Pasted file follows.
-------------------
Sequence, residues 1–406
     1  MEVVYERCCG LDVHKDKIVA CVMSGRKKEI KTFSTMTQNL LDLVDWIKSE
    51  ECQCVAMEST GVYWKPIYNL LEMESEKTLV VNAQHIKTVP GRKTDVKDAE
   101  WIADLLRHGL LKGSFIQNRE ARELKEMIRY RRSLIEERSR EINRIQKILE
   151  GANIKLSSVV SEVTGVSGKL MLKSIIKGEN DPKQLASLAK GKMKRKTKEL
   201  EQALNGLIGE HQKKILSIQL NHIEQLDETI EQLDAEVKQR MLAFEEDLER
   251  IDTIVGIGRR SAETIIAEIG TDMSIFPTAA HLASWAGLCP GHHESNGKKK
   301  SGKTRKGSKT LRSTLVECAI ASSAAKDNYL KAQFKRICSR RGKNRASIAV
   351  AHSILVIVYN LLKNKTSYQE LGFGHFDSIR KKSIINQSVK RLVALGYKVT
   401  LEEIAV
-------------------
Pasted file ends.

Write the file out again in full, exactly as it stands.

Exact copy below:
Sequence, residues 1–406
     1  MEVVYERCCG LDVHKDKIVA CVMSGRKKEI KTFSTMTQNL LDLVDWIKSE
    51  ECQCVAMEST GVYWKPIYNL LEMESEKTLV VNAQHIKTVP GRKTDVKDAE
   101  WIADLLRHGL LKGSFIQNRE ARELKEMIRY RRSLIEERSR EINRIQKILE
   151  GANIKLSSVV SEVTGVSGKL MLKSIIKGEN DPKQLASLAK GKMKRKTKEL
   201  EQALNGLIGE HQKKILSIQL NHIEQLDETI EQLDAEVKQR MLAFEEDLER
   251  IDTIVGIGRR SAETIIAEIG TDMSIFPTAA HLASWAGLCP GHHESNGKKK
   301  SGKTRKGSKT LRSTLVECAI ASSAAKDNYL KAQFKRICSR RGKNRASIAV
   351  AHSILVIVYN LLKNKTSYQE LGFGHFDSIR KKSIINQSVK RLVALGYKVT
   401  LEEIAV